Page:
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How to go from coder to consultant

Matthew Heusser | Sept. 11, 2015
If you've had it with office life – or office life has had it with you – maybe it’s time to become an IT consultant. Here’s how to avoid the pitfalls along your path…and some tips to get started.

Other consulting roles include helping to work on the product roadmap, the portfolio process, a specific function (development, test, analysis) or even developing a plan for a new line of business or expansion. The two most dangerous traps I've found in these types of assignments were in either taking very specific direction (turning into an over-priced contractor), or worse, doing the work in a corner. A brilliant plan in a fancy three-ring binder that never gets read or used does not creating long-term value. It might make for great billables today, but isn't the kind of thing you can build a career on. 

For me, the three years leading up to going independent were fantastic. First, I was working for Socialtext, a social, web-based company…so being involved in online communities was part of the job. Employees at Socialtext were treated as internal consultants; we were given a responsibility and expected to own it. As a venture-capital funded startup, every three months we had a quarterly earnings update, which could mean either layoffs or champagne toasts. The company did a good job of keeping us aware of what was going on, but still, the beginning of each quarter was nail-biting time. 

Working for Socialtext allowed me to develop a tolerance for uncertainty and risk. That was fantastic preparation for being a consultant. My friend Adam Yuret, who consults mostly in Portfolio Management and Strategy, told me a similar story: that his three years on a boat in the Pacific allowed him to understand how to live for an extended time on very little income, which was good preparation for the consultant life.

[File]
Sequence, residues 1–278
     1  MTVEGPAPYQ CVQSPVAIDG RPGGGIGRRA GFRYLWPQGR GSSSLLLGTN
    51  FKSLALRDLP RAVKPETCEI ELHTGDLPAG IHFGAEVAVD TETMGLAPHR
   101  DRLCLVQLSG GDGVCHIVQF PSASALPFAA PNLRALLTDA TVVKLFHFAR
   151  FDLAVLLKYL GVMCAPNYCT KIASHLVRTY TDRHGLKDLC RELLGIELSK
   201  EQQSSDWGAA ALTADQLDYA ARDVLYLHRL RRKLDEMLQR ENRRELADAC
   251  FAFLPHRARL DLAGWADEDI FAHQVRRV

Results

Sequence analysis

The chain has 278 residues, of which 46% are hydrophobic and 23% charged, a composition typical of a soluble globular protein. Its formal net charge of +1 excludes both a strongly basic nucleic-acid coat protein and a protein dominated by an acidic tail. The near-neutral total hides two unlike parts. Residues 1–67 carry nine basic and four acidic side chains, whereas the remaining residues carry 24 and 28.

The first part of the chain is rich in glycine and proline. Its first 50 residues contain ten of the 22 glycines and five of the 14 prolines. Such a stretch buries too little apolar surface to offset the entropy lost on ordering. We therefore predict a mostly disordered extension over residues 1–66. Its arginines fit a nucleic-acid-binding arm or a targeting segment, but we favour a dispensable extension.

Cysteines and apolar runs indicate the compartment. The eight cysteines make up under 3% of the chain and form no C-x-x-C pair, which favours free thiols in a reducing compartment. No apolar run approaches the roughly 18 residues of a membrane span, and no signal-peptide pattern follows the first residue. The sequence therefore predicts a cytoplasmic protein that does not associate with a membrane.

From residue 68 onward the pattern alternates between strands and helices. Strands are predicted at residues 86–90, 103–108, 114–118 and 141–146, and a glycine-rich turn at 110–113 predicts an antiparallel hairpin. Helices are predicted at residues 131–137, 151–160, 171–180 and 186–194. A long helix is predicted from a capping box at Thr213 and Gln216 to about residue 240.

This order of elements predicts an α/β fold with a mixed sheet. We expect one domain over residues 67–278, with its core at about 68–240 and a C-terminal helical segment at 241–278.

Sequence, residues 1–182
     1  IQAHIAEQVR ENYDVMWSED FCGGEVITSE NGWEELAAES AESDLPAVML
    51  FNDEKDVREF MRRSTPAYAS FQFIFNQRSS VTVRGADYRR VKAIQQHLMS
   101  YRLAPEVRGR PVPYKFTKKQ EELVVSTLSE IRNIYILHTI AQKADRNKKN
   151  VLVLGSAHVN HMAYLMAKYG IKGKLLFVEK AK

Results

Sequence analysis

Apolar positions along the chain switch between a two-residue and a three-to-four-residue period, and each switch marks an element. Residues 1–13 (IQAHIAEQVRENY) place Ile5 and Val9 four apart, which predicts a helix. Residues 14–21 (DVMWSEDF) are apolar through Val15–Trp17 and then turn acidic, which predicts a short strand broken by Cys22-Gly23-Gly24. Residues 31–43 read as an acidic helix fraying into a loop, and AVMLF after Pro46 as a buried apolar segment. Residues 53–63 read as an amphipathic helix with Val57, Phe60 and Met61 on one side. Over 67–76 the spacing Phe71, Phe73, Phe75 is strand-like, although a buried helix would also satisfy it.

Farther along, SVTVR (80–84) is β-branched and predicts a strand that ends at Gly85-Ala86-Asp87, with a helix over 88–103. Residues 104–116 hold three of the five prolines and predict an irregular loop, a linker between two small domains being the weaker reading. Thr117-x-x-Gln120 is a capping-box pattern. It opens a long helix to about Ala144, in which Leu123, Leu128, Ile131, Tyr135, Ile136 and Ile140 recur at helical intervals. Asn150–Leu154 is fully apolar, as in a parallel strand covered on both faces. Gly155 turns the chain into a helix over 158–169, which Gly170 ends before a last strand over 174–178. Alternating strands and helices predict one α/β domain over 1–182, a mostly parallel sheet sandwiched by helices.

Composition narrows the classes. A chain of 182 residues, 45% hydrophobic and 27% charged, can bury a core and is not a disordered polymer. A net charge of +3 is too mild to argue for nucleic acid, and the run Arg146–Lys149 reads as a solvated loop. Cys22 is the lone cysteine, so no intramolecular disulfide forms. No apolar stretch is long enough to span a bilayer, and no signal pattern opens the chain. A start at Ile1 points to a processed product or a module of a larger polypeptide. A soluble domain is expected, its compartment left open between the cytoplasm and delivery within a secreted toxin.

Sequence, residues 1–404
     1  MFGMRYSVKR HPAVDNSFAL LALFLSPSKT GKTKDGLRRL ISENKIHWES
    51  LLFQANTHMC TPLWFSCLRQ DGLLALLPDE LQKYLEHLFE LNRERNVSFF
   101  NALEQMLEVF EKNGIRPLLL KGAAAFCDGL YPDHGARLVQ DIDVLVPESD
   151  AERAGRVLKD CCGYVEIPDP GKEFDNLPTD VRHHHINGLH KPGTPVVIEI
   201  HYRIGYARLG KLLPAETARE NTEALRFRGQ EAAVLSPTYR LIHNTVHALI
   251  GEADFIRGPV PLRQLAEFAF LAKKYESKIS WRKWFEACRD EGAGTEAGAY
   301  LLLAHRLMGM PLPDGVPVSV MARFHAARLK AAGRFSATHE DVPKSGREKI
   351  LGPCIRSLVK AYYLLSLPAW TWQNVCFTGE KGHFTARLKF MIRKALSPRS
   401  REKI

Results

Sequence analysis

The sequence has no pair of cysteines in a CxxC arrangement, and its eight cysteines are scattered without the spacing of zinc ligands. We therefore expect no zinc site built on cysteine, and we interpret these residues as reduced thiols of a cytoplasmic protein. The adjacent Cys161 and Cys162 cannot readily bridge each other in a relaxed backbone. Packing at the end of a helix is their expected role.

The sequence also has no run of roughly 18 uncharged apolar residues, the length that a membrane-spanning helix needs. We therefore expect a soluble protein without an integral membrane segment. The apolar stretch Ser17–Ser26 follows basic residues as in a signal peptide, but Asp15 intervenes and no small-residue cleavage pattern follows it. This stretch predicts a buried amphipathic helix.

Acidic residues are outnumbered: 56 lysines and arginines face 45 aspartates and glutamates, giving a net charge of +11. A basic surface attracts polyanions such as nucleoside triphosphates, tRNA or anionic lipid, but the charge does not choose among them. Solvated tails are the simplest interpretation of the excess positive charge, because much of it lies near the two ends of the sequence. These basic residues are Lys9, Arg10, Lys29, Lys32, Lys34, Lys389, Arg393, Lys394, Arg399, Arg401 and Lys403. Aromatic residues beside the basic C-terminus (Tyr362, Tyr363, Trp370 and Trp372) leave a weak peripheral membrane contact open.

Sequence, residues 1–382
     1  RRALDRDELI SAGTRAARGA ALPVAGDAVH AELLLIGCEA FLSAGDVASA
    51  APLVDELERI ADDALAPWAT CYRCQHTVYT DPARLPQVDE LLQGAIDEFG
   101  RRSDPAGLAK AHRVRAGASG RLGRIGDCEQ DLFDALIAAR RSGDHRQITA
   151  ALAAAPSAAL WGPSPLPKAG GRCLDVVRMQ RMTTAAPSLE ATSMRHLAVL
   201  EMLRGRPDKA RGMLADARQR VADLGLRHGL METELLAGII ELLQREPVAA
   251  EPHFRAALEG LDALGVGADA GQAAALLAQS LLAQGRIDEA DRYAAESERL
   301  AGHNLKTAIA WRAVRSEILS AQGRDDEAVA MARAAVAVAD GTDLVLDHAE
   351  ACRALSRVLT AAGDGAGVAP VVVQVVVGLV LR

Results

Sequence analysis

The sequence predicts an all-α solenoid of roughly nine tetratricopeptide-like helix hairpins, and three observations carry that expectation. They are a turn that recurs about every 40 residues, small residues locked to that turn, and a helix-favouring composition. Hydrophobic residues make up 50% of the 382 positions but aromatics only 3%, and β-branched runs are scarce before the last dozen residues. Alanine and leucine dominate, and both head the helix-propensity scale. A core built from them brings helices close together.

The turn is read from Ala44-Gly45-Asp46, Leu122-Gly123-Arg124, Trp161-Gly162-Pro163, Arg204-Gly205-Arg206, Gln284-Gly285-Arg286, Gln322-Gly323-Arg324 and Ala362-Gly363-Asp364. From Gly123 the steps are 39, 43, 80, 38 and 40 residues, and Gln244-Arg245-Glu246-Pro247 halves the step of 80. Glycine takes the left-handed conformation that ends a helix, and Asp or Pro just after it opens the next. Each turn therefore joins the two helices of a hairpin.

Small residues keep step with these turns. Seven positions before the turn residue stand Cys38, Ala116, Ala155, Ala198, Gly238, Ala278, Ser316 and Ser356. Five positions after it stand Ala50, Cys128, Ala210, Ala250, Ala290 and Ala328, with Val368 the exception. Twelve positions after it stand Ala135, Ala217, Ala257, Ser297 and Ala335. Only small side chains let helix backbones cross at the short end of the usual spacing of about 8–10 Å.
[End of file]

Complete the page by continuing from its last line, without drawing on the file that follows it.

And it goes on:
One last lesson I learned as an employee: Focus on the client. 

Focus on the client

It's easy enough to get carried away, thinking of yourself as special, outside of the work itself, creating reports and analysis for other people. You start to talk at lunch about yourself and what you’re working on. It's flattering. 

It is also a trap. 

The job of the consultant is to improve the client's condition. It's not about you. If it becomes about you, strange things start to happen in conversations. You start to "miss." Worse, change doesn't happen. The client’s condition is not improved. People start to ask what it is you do all day – talk? Really? Is that the job, talking and writing reports? 

So find out what the client (your manager, your project team, your peers) would like to do, and help them be awesome. You know you've done the job well when you walk away and feel bad – they become awesome, but you didn't get the credit! That’s an amazing thing. It’s truly great. Give yourself a pat on the back, and recognize that you were actually a real consultant. Your advice was used. Keep doing that enough, build a reputation for it, and the work will come find you. Best of all, you can pick and choose between the work that is most interesting to you and the clients you enjoy the most, who are most apt to listen and take you seriously. 


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